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Marc Brenner Dear EnglandMarc Brenner

Several theatre critics awarded the play five stars when it opened in 2023

Dear England, an Olivier-award winning play about Gareth Southgate and the England men’s football team is to be updated with a new ending when it returns to the stage.

Ahead of England’s participation in the Euros this summer, the play’s writer James Graham said there is potential for the final act to be changed.

He told the Guardian: “I’ll be changing the play depending on what happens, and I don’t quite know what that will look like.”

It will open at London’s National Theatre next spring, followed by a four-week run in Salford at the Lowry.

The original version of the show ended with Harry Kane missing the penalty against France in the World Cup.

“We programmed the original play before the Qatar World Cup, and we knew the tournament would be the third act of the play,” Graham explained. “In the end it was Kane missing the penalty and repeating the fate of his mentor.”

Dear England, which takes its title from Southgate’s open letter to fans, focuses primarily on the pressure of penalties but also touches on the racism aimed at black players for missing them, set against the backdrop of the Covid-19 pandemic and Brexit.

“Sometimes reacting to real events feels like a gimmick or like you’re desperately chasing a story to stay relevant, but for me that’s the joy of theatre, it’s live,” Graham said.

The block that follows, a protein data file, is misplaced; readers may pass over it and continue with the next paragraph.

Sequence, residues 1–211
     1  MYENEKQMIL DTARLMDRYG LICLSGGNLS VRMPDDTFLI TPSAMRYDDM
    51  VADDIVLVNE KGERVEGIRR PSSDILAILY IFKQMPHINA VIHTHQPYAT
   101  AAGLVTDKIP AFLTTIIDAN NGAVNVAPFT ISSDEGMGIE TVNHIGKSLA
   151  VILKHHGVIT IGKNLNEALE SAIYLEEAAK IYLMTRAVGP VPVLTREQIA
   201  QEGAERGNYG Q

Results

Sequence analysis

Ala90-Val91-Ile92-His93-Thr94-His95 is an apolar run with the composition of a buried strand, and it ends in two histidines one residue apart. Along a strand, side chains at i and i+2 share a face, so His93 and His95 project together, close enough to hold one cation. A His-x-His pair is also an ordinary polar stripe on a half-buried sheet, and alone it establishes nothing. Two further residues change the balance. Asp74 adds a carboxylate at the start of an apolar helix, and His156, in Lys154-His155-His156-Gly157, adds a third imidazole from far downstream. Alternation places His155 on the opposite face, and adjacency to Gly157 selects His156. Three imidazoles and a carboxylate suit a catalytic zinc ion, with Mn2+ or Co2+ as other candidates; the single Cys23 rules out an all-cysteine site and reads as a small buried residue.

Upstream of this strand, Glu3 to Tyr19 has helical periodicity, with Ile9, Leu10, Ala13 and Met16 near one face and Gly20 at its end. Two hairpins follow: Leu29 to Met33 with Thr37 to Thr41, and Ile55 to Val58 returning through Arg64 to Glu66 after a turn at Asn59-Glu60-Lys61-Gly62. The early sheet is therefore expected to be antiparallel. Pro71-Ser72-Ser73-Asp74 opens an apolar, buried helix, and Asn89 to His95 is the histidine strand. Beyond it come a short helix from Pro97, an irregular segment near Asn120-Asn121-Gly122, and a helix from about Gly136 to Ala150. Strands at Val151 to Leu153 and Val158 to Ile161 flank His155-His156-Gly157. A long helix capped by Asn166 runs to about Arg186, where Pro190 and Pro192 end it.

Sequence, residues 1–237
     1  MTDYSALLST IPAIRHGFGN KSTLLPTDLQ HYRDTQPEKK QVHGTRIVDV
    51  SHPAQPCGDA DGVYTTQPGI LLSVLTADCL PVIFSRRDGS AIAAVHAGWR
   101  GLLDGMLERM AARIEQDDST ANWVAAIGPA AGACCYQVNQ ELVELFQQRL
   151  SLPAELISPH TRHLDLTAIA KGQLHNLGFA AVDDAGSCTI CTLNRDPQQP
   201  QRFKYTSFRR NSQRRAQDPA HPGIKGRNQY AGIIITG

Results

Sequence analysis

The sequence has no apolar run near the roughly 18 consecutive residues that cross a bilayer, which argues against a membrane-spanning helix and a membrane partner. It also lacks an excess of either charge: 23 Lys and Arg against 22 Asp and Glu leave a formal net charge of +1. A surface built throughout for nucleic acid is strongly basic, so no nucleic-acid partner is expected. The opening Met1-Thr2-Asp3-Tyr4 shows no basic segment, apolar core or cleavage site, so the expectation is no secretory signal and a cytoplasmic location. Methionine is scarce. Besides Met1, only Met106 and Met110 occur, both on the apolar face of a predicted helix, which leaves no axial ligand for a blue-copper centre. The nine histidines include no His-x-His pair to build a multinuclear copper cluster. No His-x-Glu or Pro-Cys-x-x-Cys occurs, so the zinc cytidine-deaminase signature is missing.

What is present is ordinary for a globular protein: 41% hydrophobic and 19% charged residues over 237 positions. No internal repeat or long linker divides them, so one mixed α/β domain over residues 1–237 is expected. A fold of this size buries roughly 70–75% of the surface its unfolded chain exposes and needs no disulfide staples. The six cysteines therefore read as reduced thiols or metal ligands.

‘Bring it home at last’

Graham seemed optimistic about England’s chances at the upcoming Euros.

“I don’t want to jinx it, but in terms of the talent we have this feels like a once-in-a-generation opportunity to bring it home at last.”

“I’m confident no matter what happens in the Euros, it will still illuminate the tail end of the Southgate project,” he added.

Graham admitted that he “found it quite intimidating to put England on stage in the first place” because “the team belongs to all of us”.

But he said that the play was about “embracing that and having all of those different feelings and prejudice, hopes and dreams in the room at the same time”.

Graham is also working on turning the play into a four-part BBC drama with Joseph Fiennes reprising his role as Gareth Southgate.

The play premiered at the National Theatre in 2023, before transferring to the West End.

The play was nominated for for nine Olivier Awards in April, winning best new play and best supporting actor for Will Close, who plays England football captain Harry Kane.

In his acceptance speech, Close thanked footballer Kane and co-star Joseph Fiennes – who played England coach Gareth Southgate – for being a “hero”.

“I literally cannot kick a ball, I do not know why I am here,” he also joked in his speech.

During the Euros, a general election will take place, something Graham described as “truly mad”.

“We’ve had five prime ministers and however many housing or culture secretaries, but the one constant has been Southgate. The idea that at the end of this journey, we might finally win a trophy, there’s got to be some meaning in that. The universe is having a laugh,” he said.



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